“When we came to Maplewood, we were very lucky in the sense that we were welcomed into a community that is very supportive of small businesses,” he said. “Kirkwood was the right opportunity at the time … The space was right and the community over there is really strong and they are pro small business.” Smale plans to open doors in Kirkwood sometime in July.

-photo courtesy of strangedonuts.tumblr.com

In This Issue: Trendwatch – Part 2

Thursday, April 10th, 2014


Last Course: Earl Grey
Tea is no longer just for drinking. It’s accenting sweet treats across town, and Earl Grey – that black tea with a touch of citrus – is the blend of choice. You can find this timeless classic in baked goods and pastries at 4 Seasons Bakery (Earl Grey macarons), La Patisserie Chouquette (Earl Grey macaron with Cream Earl Grey caramel ganache and Earl Grey tea biscuits), at Comet Coffee (Earl Grey cookies), the recently relocated London Tea Room (lavender Earl Grey bread) and Winslow’s Home (a rotating special of chocolate cake-bread pudding with Earl Grey anglaise). In the mood for a tea-spiked frozen sundry? Go for Earl Grey-blended gelato at Gelateria Tavolini or Gelateria del Leone – both call it London Fog.

It’s a Southern thang
Pimento cheese, that pâté of the South, rises again. A pimento BLT has been on the menu at SugarFire Smoke House since it opened (And with location No. 2 soon to open in St. Charles, it will double the pleasure.). Pimento cheese also appears at Juniper, where y’all can find it in a pimento grilled cheese sandwich. The spreadable orange stuff is everywhere at Quincy Street Bistro: in smothered potato chips, pimento cheese skins and, of course, its (artery) killer The Hog Burger. Last November, QSB collaborated with Strange Donuts on a hog burger stuffed inside a doughnut and topped with pimento cheese; it still ranks among the most popular of the doughnut shop’s savory late-night Strangers.

No boloney
David Chang thinks bologna is going to be bigger than pork belly. At least in these parts, the old-school sandwich with its underappreciated meat is back and maybe even worth being dubbed “artisanal.” The Southsider at Quincy Street Bistro is no ordinary fried bologna sandwich with house-made, smoked, thick-cut bologna plus cheddar mornay and a farm egg on a Companion brioche. At Annie Gunn’s, diners dug into a hearty lunch of fried bologna with Comté on brioche served with heirloom tomato soup. It’s left the menu, but fear not; it’ll be back come June when tomatoes begin to ripen. And when Michon’s Smokehouse opens downtown on Washington Avenue in May, you can get a smoked bologna sandwich there, too.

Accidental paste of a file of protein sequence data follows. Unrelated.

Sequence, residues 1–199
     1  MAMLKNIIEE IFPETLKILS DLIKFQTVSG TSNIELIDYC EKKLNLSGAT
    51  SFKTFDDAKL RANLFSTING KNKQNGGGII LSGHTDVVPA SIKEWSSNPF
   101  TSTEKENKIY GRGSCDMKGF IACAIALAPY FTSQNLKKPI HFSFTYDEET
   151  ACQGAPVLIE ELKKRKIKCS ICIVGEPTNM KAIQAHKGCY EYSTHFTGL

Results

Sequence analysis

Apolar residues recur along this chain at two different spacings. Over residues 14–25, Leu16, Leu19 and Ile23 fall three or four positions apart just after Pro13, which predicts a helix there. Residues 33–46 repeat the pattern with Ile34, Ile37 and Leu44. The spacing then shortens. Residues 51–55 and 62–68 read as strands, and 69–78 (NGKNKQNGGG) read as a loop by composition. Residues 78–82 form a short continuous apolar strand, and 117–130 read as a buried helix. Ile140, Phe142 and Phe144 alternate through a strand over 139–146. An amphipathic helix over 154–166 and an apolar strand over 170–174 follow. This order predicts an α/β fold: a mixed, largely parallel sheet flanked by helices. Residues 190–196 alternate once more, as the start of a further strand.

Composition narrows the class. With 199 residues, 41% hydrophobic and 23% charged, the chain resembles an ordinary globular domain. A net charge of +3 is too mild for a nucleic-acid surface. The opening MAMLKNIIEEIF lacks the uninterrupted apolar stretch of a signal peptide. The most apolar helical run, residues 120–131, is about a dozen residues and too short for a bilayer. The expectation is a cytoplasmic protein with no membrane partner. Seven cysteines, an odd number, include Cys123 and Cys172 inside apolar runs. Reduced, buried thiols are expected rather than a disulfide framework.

The Scoop: Strange Donuts nabs former Pastaria chef to take doughnuts to a stranger level

Thursday, March 20th, 2014



Strange Donuts never does anything in a conventional manner, and people love its innovative doughnuts. The little shop in Maplewood sells more than 5,000 doughnuts a week – from PB&J-filled orbs to far-out savory collaborations called Strangers, only available late-night on weekends. And Strange Donuts only looks to get stranger now that chef Brian Moxey has joined its team.

Moxey, formerly executive chef at Pastaria, has come aboard Strange Donuts as its chef consultant. “Brian is going to take on this role of creative director of the kitchen,” said Strange Donuts co-owner Corey Smale. “We need someone who can take us to the next level.”

The Strange crew got to know Moxey last fall when they worked with Pastaria on one of the first doughnut collaborations. “We found some of our best success on some of the crazier things we’ve done,” Smale said. After Moxey’s recent departure from Pastaria, Smale said the timing was right. As a consultant chef, Moxey will work a few days a week in the shop and meet regularly with the bakers to help Strange continue making new and adventurous creations.

Moxey has already begun to get flour on his hands. The St. Patrick’s-themed Colcanndone (pictured) was Moxey’s creation. The colcannon-inspired doughnut had the flavors of kale and potatoes and was glazed with Jameson Irish whiskey. For this week’s Stranger, Moxey is mixing up a savory doughnut that honors the Lenten fish fry tradition. The Holy Done will feature cornmeal in the doughnut mix and will be topped with fried fish and slaw, with the requisite slice of white bread on the side.